Dan Mcgrimmon asked if I wanted to sit on the CBOG of the FFF, I applied, and got in as the first outside of North America (counting Canada in that here) got to see large parts of the world and meet alot of great minded people.

I've learned a great deal in the process, most about casting and teaching through the preperations, alot about politics through the sourounding activities.
And 2) has it lived up to its expectations?

Cheers,
Paul
If my expectations was that I would get more clients through having a certification, I would have been deeply disappointed, the large majority doesn't even know that there is certifications as flycasting instructors. And since it's not a protected teaching certificate, I would have made more money spending what I have done on certifications on marketing myself :)
Luckily, my expectations wasn't to live from teaching flycasting, I am slightly smarter than that (barely) but to learn. I think that if something is worth doing then it's worth doing it good! And the mental preperations for each and every test I've taken have sharpened my knowledge. And I have been fortunate enough to meet some good people through them, that I have picked up lots of great stuff from, I only hope I have been able to pass something on in the process too!

Cheers
Lasse

Ps. Sadly my expectations in associations mirrors yours....
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#17

Post by andrewparkeruk » Wed Jan 01, 2014 9:04 pm

Pretty much what Jonathan said.

I wanted to make me a better flyfisher: casting was something I could practice away from the river. Following a syllabus gave me targets. There are many better fishing guides in my local area, so that was never a target for me. Casting competence was something I did feel was achievable. The way to test my grasp of what I have learned is to try to transfer my knowledge to others.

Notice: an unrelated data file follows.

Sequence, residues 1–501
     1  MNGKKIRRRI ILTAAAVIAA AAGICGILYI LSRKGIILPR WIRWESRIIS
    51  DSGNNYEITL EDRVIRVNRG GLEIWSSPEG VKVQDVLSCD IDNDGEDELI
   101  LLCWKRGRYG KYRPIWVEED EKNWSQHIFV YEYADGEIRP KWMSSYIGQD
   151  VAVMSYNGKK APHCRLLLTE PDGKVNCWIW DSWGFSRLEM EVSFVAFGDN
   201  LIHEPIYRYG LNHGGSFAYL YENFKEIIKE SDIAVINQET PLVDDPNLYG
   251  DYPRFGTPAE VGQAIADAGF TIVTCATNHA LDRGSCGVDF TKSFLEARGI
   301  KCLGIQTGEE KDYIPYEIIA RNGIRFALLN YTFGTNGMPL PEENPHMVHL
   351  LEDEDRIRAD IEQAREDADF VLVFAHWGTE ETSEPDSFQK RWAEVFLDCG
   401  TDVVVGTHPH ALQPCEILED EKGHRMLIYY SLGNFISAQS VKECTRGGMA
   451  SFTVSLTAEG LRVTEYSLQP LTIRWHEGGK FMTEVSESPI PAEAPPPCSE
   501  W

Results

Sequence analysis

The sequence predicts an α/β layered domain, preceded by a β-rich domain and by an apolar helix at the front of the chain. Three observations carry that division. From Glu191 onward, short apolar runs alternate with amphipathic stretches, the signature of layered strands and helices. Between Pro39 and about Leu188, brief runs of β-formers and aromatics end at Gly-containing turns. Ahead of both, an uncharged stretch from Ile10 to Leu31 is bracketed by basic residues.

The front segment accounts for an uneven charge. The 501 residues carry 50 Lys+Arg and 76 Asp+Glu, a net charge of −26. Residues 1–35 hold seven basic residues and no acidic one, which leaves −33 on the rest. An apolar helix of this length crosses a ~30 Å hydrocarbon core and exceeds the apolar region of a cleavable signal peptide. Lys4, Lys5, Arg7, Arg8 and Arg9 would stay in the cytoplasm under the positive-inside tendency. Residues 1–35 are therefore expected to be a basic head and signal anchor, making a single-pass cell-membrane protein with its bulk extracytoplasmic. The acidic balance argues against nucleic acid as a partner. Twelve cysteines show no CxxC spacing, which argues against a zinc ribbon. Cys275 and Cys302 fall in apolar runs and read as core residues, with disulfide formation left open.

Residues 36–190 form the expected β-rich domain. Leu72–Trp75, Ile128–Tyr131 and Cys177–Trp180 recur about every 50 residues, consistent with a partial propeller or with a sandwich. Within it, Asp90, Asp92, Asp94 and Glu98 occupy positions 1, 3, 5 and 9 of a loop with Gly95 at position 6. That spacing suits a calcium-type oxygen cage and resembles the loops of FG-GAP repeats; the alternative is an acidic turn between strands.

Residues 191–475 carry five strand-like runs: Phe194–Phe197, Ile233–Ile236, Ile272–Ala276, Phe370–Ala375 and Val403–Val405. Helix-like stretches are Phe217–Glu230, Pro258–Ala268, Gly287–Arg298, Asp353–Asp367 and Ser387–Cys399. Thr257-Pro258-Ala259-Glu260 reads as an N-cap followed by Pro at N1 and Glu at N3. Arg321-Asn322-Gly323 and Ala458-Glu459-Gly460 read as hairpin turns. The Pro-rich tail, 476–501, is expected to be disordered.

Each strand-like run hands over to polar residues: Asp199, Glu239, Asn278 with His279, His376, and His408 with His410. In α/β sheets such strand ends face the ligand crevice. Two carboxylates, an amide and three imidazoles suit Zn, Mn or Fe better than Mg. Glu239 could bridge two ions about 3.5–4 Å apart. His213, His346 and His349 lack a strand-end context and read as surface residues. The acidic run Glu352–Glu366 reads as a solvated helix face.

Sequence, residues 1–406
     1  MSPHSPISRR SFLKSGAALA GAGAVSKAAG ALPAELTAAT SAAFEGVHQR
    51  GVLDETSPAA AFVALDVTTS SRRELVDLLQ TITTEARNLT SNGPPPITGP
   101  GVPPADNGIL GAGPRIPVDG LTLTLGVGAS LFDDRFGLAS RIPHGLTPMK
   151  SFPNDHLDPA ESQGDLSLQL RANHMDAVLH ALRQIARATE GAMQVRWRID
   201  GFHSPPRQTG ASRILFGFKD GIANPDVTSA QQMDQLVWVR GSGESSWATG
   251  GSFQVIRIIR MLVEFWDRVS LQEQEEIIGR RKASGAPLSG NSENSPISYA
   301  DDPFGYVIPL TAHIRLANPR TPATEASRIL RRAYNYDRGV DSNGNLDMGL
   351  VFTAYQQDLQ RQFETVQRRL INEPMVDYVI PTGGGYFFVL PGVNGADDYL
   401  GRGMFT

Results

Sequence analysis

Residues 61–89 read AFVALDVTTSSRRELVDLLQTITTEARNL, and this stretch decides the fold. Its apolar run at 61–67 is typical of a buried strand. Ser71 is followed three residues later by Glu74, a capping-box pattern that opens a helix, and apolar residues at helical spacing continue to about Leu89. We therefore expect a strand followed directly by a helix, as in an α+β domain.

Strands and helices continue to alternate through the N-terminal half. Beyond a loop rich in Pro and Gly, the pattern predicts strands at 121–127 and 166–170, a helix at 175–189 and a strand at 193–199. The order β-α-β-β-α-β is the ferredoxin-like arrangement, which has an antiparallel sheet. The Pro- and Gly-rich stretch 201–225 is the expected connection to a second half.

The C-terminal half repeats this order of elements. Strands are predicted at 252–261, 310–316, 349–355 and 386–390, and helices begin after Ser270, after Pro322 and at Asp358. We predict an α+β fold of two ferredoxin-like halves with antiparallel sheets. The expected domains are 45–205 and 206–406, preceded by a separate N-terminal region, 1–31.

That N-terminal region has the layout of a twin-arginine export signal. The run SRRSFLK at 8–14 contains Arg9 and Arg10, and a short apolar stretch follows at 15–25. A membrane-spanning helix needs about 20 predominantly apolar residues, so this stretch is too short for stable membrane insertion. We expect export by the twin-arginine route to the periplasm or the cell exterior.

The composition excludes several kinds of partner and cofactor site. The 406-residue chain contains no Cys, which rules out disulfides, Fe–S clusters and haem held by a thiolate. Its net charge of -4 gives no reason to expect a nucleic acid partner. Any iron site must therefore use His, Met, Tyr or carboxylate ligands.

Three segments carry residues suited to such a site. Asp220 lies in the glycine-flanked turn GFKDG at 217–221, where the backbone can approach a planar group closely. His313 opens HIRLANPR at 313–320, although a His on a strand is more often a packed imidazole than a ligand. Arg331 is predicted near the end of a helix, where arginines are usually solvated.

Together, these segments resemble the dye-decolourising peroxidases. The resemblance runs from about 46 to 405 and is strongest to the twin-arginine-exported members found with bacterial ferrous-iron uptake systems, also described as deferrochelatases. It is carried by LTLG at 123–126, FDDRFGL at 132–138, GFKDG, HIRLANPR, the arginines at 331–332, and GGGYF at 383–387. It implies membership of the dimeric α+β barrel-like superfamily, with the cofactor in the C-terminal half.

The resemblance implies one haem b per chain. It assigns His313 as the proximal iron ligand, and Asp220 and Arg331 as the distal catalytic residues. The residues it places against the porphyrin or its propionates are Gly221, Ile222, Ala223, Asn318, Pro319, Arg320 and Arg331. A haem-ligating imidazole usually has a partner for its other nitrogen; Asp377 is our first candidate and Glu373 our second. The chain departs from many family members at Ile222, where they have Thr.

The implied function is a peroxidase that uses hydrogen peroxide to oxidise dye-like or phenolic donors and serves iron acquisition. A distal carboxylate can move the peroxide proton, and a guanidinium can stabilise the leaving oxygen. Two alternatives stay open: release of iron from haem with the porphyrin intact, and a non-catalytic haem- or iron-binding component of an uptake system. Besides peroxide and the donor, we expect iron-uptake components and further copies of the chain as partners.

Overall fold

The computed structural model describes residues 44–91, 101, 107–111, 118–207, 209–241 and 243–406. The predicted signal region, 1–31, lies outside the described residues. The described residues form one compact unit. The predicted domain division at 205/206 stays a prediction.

I never set out to make money from casting instruction. I gave up my day job in Jun-2103 and am living off savings and the good nature of my spouse. A 2014 New Year resolution should be to see if I can, at least, cover my fishing costs this year :ninja:

Andrew

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#18

Post by Viking Lars » Wed Jan 01, 2014 10:17 pm

Aaaah, my old TCR - a great rod it was :p

Lars

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#19

Post by Paul Arden » Wed Jan 01, 2014 10:55 pm

the large majority doesn't even know that there is certifications as flycasting instructors.
Surely now virtually everyone who fly fishes knows that there are instructor organisations. They might not know the differences between them, but they know of their existence. People coming into the sport will have less knowledge in this area of course.

Cheers, Paul
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#20

Post by Doug Swift » Thu Jan 02, 2014 3:18 am

I really don't think that learning how to cast and present the fly well is the first thing that new or even some experienced fly fishers have in mind. Most of the people I encounter just want to catch fish, and trying to convince them that being a better caster would help them do that is not something they are willing to accept. So how do we, as instructors get our point across?
Not so much to try and score another paying gig, but just to get the satisfaction of having them get a little more out of what they are trying to accomplish.